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The unusual uses of asbestos
The use of asbestos has thankfully been banned in the UK for a number of years. However, it was widely used in the 19th and 20th centuries due to its heat resistant properties.
When you think of what asbestos was used for, you probably associate it with pipe insulation and the construction of buildings. It is true that it was widely used in this manner, but it was also used in a number of surprising ways.
The asbestos insoles
Albert’s Asbestos Insoles claimed to ‘make your feet feel happy’. Apparently, ‘callouses can be peeled right off, bunions are reduced and the inflammation drawn out, and the bad smelling of sweaty perspiring feet will disappear immediately’.
The asbestos shoe
Perhaps the insoles could be used in ‘The Original Moulders’ Asbestos Shoe’. This stylish looking footwear is promoted as ‘union made’ and ‘fireproof’.
Incredibly, there was once a toothpaste that used asbestos fibres as the abrasive, in order to help remove stains from teeth. Apparently, it was ‘dandy for your teeth’. We previously wrote about this product here.
Asbestos was a cheap and readily available fire retardant. As the heating element inside hair dryers was a fire hazard, they often contained asbestos insulation.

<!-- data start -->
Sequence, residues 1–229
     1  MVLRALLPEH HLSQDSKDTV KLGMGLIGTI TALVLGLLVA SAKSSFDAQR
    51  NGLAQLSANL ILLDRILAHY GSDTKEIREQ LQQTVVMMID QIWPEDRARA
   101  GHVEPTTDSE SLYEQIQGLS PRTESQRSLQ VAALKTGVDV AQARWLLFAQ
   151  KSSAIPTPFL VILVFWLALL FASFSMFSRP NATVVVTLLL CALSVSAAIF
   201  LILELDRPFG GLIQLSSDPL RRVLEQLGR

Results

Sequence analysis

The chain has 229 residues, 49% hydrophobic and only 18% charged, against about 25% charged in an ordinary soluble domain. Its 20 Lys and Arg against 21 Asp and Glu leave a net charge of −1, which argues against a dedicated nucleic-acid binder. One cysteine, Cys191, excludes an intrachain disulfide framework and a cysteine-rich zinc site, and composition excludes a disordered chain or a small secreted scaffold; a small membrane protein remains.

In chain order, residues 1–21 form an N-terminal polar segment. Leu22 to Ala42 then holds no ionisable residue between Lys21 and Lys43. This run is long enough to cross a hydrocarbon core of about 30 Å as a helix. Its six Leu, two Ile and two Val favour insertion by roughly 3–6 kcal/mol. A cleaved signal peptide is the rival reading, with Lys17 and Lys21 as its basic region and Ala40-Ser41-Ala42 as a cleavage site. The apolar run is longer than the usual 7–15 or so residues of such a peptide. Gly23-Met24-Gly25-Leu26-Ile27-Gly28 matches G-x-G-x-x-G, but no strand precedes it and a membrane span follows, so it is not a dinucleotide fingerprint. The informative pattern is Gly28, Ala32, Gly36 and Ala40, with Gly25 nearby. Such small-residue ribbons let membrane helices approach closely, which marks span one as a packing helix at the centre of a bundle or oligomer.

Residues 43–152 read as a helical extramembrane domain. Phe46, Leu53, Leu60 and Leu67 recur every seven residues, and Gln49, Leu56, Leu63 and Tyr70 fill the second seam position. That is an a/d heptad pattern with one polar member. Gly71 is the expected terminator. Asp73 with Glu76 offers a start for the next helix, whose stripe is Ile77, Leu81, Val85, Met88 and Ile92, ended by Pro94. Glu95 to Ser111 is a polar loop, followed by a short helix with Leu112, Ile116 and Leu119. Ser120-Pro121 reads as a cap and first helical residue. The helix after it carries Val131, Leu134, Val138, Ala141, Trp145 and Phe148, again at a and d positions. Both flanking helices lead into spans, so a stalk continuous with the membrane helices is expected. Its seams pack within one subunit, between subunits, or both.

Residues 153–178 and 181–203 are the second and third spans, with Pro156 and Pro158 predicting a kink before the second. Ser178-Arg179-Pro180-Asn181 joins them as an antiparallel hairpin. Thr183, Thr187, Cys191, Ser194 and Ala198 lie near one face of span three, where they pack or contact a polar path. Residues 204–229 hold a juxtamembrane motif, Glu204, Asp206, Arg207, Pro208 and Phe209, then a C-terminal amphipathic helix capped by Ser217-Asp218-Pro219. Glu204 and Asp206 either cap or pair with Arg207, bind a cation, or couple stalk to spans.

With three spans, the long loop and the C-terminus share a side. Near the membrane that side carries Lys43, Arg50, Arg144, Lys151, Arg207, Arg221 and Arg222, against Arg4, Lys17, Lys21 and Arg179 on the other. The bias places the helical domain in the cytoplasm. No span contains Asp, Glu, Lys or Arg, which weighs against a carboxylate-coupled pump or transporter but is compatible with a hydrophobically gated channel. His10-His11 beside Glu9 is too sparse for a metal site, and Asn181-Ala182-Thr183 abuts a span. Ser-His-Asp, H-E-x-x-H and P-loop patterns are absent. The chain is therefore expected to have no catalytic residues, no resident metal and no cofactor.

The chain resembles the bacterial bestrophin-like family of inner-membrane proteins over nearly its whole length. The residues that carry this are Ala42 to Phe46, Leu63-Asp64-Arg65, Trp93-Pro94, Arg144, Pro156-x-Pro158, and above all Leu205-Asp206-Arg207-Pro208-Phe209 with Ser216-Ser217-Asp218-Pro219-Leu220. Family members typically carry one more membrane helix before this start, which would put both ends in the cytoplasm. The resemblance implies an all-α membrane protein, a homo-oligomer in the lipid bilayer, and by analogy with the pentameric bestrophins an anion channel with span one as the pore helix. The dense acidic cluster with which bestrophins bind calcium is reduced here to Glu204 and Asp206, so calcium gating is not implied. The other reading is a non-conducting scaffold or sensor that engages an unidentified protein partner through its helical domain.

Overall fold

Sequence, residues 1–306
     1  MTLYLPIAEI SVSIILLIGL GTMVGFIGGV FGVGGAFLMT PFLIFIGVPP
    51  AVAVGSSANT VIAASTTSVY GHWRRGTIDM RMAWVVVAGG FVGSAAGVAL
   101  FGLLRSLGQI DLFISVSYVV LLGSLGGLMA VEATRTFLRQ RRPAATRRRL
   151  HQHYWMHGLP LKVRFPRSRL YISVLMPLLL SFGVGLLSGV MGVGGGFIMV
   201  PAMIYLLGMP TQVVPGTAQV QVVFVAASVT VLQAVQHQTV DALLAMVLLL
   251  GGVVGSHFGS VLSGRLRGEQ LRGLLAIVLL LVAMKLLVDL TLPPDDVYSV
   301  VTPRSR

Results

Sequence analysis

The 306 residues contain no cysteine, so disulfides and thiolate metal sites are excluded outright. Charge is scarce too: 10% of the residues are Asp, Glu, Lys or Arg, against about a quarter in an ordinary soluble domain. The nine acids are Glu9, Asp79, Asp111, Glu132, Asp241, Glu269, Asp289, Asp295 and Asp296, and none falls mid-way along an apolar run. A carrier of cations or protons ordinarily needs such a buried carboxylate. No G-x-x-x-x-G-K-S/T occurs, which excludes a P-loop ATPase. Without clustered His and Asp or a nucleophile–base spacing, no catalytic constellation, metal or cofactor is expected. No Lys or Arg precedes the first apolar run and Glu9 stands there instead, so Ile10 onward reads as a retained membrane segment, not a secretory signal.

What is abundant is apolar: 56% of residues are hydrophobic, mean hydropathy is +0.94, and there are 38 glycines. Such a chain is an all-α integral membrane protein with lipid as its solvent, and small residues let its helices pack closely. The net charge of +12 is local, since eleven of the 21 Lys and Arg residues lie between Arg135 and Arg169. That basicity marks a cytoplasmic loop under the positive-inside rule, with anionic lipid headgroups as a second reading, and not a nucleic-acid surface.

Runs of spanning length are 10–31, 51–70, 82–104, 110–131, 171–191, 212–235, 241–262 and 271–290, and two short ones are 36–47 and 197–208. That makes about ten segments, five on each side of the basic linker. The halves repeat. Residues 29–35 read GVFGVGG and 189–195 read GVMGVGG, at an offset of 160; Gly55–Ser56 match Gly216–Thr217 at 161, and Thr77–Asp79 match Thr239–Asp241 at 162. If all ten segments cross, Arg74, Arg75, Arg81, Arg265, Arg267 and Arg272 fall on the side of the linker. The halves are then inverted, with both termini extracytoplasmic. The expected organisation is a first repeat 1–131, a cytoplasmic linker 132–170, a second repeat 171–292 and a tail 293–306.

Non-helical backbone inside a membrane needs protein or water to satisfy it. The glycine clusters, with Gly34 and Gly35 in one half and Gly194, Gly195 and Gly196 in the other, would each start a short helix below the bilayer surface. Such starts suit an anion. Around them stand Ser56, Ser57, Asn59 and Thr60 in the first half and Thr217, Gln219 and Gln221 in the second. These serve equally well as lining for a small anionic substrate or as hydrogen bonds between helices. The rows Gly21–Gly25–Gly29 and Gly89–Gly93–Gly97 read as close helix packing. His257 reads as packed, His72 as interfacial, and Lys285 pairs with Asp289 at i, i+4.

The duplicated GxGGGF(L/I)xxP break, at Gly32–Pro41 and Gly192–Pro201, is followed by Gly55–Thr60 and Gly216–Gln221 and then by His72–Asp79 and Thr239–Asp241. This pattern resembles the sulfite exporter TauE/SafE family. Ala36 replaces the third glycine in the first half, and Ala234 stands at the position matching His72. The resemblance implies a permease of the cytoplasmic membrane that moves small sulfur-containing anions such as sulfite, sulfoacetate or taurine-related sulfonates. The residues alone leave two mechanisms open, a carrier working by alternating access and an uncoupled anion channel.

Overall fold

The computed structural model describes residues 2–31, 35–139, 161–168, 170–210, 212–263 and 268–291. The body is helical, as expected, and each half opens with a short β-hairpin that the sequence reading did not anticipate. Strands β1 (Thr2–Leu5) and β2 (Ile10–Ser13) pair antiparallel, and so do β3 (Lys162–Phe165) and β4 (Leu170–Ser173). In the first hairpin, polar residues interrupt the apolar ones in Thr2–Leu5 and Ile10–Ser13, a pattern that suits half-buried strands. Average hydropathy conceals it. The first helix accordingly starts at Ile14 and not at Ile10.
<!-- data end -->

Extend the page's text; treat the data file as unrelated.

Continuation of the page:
Older hair dryers that are still in use may therefore pose a risk to anyone still using them. Their age would make it likely that the asbestos in the insulation has become friable, meaning that the individual asbestos fibres can easily break free from the surrounding material and be inhaled.
Chrysotile asbestos was used to make a fake snow product that was commonly used as a Christmas decoration. This was also used on the set of the film ‘The Wizard of Oz’.
This was attractive, as it was not a fire risk like many other products used in Christmas decorations.
In Britain about twenty five million military ‘General Service Respirators’ were manufactured between 1935 and 1942 and those produced after 1937 contain crocidolite. About three million ‘Light respirators ’ were produced after 1942 until about 1965 and some of them can also contain crocidolite.
Civilian gas masks produced between about 1937 and 1942 normally contain chrysotile, although some can contain crocidolite.
In 2013 the Joint Union Asbestos Committee warned that, if any school owns or has been loaned World War II gas masks to be used in displays or during course work in class, these should be removed immediately.
Thankfully, these products are no longer on general sale. However, some of them may still be in existence. If you have an asbestos containing product in your home, you should have it checked by an asbestos specialist to ensure that it is safe.
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